It’s hard not to see the link between two recent reports.
Story No. 1: Only New Jersey tops New York in the most number of people who fled to other states during the novel coronavirus pandemic. According to data supplied to Bloomberg News by United Van Lines, 67 percent of New Yorkers who made long-distance moves abandoned the state for others such as Florida and Texas while only 33 percent moved in. This isn’t a surprising trend as more people left New York in 2019 than any other state.
Story No. 2: Progressive state legislators in Albany want to increase taxes on wealthy individuals to make up for the $14.5 billion shortfall in revenue. New York had already faced a budget deficit of more than $6 billion before the pandemic struck, and it could see a gap of nearly $30 billion over the next two years. In 2019, New York had the highest overall tax burden in the country.
When are lawmakers going to connect the dots and realize that egregious taxes and burdensome regulations are compelling New Yorkers to find greener pastures in other parts of the nation? It’s bad enough that residents must bear the brunt of excessively high taxes and numerous user fees.
But they also need to suffer the consequences of the nanny state policies that deter many firms from either remaining or relocating here.
“The state must impose greater taxes on New York’s wealthy residents as officials wait for additional federal coronavirus relief, progressive lawmakers said Tuesday, to help close the state’s anticipated two-year $25 billion-plus budget shortfall due to the COVID-19 pandemic,” according to a story published Tuesday by the Courier Observer. “For months, Gov. Andrew Cuomo and top state officials have pleaded for federal COVID-19 relief for U.S. states and localities as New York faces a $14.5 billion deficit in state revenue this year and a nearly $30 billion budget hole over the next two years. The state’s education, health care and localities anticipate widespread 20 percent budget cuts without direct federal aid for local governments.”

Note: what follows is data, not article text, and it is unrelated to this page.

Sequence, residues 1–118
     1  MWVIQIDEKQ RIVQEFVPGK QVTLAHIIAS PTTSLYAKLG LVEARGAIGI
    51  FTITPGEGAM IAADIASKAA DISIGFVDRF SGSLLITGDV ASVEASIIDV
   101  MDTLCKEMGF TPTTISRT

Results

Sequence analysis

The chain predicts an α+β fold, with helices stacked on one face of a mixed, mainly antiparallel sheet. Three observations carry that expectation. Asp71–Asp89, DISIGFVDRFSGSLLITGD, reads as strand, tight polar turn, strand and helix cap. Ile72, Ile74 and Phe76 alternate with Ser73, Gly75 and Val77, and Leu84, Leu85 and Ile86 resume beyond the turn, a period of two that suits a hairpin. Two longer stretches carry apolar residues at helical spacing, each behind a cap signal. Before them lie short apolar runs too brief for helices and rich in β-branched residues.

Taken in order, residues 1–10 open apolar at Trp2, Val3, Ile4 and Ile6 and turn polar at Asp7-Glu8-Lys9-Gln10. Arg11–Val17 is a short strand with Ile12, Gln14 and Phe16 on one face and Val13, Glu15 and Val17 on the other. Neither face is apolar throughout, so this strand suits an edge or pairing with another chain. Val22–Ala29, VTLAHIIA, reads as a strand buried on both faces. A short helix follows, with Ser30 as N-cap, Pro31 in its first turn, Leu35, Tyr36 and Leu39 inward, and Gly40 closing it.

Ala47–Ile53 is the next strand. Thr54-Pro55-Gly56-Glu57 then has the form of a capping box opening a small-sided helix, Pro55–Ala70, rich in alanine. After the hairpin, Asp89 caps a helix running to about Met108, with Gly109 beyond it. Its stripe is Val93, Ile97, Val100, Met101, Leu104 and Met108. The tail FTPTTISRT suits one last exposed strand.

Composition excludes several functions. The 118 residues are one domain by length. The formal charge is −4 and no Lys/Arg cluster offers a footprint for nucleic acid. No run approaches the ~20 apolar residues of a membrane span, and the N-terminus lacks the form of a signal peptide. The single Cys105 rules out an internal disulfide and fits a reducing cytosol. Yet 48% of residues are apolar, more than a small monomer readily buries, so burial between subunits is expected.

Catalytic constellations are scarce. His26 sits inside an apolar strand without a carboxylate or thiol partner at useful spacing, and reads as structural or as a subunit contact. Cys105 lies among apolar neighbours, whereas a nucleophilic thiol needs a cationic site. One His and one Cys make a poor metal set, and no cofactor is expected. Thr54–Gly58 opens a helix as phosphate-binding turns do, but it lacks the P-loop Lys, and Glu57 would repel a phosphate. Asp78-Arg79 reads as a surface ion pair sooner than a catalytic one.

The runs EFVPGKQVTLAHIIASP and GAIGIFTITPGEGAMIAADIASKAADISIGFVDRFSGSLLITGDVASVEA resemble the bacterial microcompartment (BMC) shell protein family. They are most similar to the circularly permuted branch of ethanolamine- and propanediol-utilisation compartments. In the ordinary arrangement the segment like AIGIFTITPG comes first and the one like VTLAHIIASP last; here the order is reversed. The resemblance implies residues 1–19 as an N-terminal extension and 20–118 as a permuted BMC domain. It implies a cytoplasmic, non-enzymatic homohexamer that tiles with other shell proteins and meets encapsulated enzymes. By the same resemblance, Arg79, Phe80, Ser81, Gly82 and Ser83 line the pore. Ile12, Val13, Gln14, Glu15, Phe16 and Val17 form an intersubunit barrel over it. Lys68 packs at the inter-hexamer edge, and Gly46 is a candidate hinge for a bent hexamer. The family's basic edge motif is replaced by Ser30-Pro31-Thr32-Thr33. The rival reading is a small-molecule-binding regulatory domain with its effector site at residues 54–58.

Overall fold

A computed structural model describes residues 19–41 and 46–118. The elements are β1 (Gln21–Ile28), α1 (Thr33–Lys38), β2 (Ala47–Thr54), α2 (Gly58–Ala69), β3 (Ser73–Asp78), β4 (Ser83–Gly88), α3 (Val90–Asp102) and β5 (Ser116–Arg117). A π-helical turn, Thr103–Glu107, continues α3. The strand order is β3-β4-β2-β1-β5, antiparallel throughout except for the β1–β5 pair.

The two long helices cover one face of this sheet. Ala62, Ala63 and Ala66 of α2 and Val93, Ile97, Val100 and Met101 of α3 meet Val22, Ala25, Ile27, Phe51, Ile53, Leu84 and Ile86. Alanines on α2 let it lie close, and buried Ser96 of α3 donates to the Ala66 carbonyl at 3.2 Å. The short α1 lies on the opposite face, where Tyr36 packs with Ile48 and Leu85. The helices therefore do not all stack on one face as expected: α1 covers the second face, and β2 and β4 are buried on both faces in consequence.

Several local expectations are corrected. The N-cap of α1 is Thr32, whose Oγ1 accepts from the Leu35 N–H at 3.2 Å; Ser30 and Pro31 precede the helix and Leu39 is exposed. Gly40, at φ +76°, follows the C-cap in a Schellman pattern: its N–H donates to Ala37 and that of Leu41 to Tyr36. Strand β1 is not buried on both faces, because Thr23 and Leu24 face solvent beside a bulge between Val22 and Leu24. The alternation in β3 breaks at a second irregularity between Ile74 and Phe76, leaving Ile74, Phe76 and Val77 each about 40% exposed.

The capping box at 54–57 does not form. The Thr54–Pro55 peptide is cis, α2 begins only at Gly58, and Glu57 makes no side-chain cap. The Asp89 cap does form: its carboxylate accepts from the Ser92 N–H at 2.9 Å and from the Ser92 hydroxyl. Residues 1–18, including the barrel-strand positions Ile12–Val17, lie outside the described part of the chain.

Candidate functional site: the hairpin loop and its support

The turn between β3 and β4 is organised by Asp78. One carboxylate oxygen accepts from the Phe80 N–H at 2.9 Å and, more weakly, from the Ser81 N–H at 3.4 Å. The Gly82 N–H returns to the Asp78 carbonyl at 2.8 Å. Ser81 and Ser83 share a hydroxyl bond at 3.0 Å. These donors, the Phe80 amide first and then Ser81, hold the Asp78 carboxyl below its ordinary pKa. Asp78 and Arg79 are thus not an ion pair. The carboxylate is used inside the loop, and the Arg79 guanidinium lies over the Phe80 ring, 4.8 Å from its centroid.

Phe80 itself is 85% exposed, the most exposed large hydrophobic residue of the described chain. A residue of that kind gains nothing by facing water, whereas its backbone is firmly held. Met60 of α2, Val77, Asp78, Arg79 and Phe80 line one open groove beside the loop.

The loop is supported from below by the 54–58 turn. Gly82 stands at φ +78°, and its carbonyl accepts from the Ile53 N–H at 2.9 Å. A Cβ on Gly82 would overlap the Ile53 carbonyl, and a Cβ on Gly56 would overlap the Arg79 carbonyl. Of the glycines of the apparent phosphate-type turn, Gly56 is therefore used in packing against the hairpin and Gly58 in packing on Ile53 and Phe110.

Lawmakers have proposed various schemes to wrench yet more income from wealthy families. They cited poll numbers showing most voters in New York supported their plans.
But thankfully, not everyone was sold on this idea. And we hope the chief naysayer will hold firm on his opposition.
“Cuomo has dismissed the call of fellow Democrats to increase taxes on state billionaires or New York’s wealthy, saying mathematically, the fiscal numbers don’t add up to close the state’s budget hole without federal assistance,” the article stated. “The governor has also argued such a tax increase would drive top wage earners out of New York, further increasing the burden on other taxpayers.”
David Friedfel, the director of state studies with the Citizens Budget Commission, said the state’s richest 1 percent pay about 40 percent of the state’s personal income tax. This amounts to about $20 billion.
It’s likely that Congress will need to provide substantial funding to prevent a calamity in the loss of services from state and municipal governments. But progressives cannot simply rely on the same plan they pull out whenever New York confronts a revenue problem: soak the rich. Lawmakers must help create an environment where companies want to be in New York.
This will require reducing the regulatory burdens they face so they can run their operations profitably. But if legislators continue along the path to increased taxes, it will show once again that New York is not open for business.